Paper: The Secret Learning Tool That Will Work for You

Paper: The Secret Learning Tool That Will Work for You

Paper is still your ally in making learning yours. Whether you played with board books as a toddler, finished worksheets of multiplication tables in grade school or handwrote notes in high school, paper helped you make learning tangible. Now, as an adult, you have access to a universe of information thanks to online learning, and paper should still be a part of your learning journey. Paper teaches us how to learn.

Whatever form your online learning takes—professional development courses, YouTube videos, virtual discussion groups, or online instruction through outlets such as Duolingo —paper can help. With online learning, you have all the information in the world in front of you, which can be a lot to take in. Paper can help you focus on the task at hand without getting distracted. Paper-based note-taking techniques also help you understand information and remember it in ways that are more helpful than passively listening to a video.

Three paper-based tools in particular can help you get more from what you’re learning: sketchnoting, bullet journaling and the Cornell note-taking method. Here’s what you need to know.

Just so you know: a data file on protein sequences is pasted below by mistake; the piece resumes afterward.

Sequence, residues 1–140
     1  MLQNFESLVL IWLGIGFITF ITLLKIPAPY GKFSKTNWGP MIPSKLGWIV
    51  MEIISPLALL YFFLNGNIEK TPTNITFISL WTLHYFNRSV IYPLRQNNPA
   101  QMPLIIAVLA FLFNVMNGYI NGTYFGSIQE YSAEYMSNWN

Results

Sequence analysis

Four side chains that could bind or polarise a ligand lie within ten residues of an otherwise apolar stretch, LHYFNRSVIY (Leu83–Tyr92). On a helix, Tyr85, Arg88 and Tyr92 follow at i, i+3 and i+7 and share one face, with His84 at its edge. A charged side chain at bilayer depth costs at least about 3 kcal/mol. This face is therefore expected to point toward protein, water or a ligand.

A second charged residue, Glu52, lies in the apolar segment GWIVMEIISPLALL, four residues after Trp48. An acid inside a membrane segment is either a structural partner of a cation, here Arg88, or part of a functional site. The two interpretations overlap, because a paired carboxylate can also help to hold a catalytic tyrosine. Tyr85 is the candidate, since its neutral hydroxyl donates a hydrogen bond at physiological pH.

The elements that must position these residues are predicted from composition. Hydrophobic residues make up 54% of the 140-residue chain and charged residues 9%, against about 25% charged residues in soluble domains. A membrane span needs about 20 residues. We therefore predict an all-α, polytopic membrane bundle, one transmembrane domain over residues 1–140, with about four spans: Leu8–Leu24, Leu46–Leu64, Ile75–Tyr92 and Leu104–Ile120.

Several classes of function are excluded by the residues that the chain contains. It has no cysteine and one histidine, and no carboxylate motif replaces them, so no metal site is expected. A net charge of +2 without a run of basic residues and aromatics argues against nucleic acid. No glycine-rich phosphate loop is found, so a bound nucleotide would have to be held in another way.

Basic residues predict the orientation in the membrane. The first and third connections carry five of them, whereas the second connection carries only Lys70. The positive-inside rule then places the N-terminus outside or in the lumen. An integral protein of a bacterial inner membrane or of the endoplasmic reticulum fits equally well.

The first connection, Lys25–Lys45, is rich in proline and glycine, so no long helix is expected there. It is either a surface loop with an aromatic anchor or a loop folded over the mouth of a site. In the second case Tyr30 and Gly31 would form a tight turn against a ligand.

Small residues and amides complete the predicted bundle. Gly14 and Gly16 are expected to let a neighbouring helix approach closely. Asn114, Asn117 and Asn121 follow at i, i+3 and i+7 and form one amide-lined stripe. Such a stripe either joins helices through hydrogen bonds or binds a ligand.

Sketchnoting

What it is: A form of note-taking that uses sketches along with written notes. Sketchnoting can be done as you listen to a lesson, after a lesson to boost comprehension and memory retention, and as support for any self-guided learning.

Why it works: Research shows that we’re likelier to remember information if we draw it. Plus, it’s fun! People who try it say they enjoy it.

How to get started:

Download and print our sketchnoting worksheet now.
View and print the sketchnoting worksheet.

Bullet Journaling

What it is: Using a notebook to record tasks, notes, thoughts and other information using a system of symbols that help you stay on task and capture information in one place.

Why it works: Writing down to-dos and information in one place that’s free of digital distraction is convenient and lets people easily track progress on their goals.

How to get started:

  • Read this article for an overview of bullet journaling.
  • Watch this five-minute video from Ryder Carroll, the method’s creator, for bullet journaling 101.
  • Browse the #bulletjournal hashtag on Instagram to see how enthusiasts are using it.
  • Print out our worksheet and start bullet journaling.
Download and print our bullet journaling worksheet now.
View and print the bullet journaling worksheet.

Cornell Note-Taking System

What it is: A simple two-column system of taking notes that boosts comprehension and reflection. Regular notes go in the right column, questions prompted by the material go in the left column, and a summary goes at the bottom.

Why it works: Taking notes by hand helps you understand and remember information. The Cornell method in particular reinforces this by directly asking learners to contextualize and sum up information.

How to get started:

  • Read the basic steps of Cornell-style notes, and compare them with other structured note-taking techniques.
  • Print out our Cornell notes printable and multiple copies of our template—you’ll start taking better notes right away.
Download and print our Cornell notes template now.
View and print the Cornell notes template.
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